• Cheap household technologies – since almost all household appliances are produced in China, their cost is very cheap, respectively, in China itself the prices for appliances are very pleasant. This is especially true for mobile phones.
  • Huge selection of products – the choice of various goods in China is really huge, regardless of the budget. From such a variety, eyes simply run up.
  • Night rest – China has a huge selection of restaurants, cafes, nightclubs and other entertainment venues. Almost everything can be ordered at home. Home delivery is very popular in China. This is especially true for food and beverages. There are thousands of delivery services in this vast country.
  • Clothing – clothing prices in China are simply ridiculous and delight tourists and expats. The same goes for the choice of clothing. The only problem with what may arise is the size. The Chinese are very undersized when sewing clothes.
  • Starting a business – a huge population and a sparing policy on entrepreneurship make it easy to open your own business.
  • Housing – there should be no problems with finding a place to live either. Even with a limited budget, housing can be found without problems. The question will only be about the condition of the home.
  • Transport – public transport fares are very low. The choice of mode of transport is large. But most of the citizens of this country use bicycles. Every family member must have a bicycle. Also, many tourists coming to China rent a bike.

As in every country, there are also enough disadvantages of living in China:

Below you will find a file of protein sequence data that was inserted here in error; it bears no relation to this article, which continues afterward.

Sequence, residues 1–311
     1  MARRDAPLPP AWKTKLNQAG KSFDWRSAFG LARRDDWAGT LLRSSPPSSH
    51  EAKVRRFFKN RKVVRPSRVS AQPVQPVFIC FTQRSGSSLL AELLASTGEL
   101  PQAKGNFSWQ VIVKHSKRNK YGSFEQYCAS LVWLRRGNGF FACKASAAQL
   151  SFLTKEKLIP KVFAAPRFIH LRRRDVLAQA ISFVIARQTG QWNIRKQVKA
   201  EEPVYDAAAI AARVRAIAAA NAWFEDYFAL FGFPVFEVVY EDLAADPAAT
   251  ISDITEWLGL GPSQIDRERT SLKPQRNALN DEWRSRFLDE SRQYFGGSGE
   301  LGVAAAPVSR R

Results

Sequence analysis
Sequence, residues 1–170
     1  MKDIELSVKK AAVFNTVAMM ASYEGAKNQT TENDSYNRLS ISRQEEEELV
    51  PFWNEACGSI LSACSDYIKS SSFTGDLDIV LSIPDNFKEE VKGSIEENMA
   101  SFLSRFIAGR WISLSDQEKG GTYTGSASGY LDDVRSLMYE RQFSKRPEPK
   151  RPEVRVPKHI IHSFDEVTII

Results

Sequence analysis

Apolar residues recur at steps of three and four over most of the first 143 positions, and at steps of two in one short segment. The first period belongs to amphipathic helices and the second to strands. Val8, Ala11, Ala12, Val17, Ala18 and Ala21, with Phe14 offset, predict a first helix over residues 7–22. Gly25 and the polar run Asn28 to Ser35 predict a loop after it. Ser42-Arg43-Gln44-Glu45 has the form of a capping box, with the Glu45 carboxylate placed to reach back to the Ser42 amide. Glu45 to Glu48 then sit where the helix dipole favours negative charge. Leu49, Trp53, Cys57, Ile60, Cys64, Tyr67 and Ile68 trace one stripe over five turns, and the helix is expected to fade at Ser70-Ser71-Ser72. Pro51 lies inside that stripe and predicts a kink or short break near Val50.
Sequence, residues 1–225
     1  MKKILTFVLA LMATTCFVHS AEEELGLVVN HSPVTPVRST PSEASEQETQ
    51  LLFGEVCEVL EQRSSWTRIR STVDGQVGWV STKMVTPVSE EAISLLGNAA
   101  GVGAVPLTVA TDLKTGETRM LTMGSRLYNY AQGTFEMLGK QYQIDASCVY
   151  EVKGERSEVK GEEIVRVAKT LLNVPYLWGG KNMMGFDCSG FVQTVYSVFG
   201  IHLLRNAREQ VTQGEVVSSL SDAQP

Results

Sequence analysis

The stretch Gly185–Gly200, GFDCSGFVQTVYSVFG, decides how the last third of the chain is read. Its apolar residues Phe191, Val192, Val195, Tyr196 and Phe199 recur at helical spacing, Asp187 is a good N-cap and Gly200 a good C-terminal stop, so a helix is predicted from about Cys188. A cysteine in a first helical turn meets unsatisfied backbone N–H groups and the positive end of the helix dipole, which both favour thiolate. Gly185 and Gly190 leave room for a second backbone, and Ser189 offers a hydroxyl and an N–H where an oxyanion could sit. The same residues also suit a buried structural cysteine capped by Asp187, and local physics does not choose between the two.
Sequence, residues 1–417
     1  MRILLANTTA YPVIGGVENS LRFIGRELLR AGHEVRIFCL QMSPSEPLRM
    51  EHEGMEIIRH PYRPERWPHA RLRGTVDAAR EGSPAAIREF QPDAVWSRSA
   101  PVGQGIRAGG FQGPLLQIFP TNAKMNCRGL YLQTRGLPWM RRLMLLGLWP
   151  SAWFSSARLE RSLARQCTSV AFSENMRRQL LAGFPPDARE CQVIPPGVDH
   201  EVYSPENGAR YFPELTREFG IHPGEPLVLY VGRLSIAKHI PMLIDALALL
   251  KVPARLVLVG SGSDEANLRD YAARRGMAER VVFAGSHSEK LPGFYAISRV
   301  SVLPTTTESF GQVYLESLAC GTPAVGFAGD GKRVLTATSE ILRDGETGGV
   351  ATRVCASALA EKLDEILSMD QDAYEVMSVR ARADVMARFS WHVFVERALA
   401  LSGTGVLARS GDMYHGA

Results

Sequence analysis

• Ecology – at present, the issue of ecology is very important, and it is considered in all countries of the world. However, in China, due to the number of factories, plants and other industrial enterprises, the ecology is in a deplorable state. The exceptions are provinces that are far from metropolitan areas.
  • Contaminated air – air pollution in big cities is a serious problem. Masks and respirators don’t help. Dirty air can cause respiratory problems.
  • Traffic on the roads – Chinese roads are insanely noisy, drivers honking all the time. There are practically no traffic rules. Drivers can back up, turn or change lane without warning. It is almost impossible to cross the road without crossing.
  • Theft by bicycle – since in China, a bicycle is the most common form of transport and there is a huge risk of being stolen. And if that happens, there is almost no chance that he will be found. Bicycle locks are sometimes more expensive than the transport itself.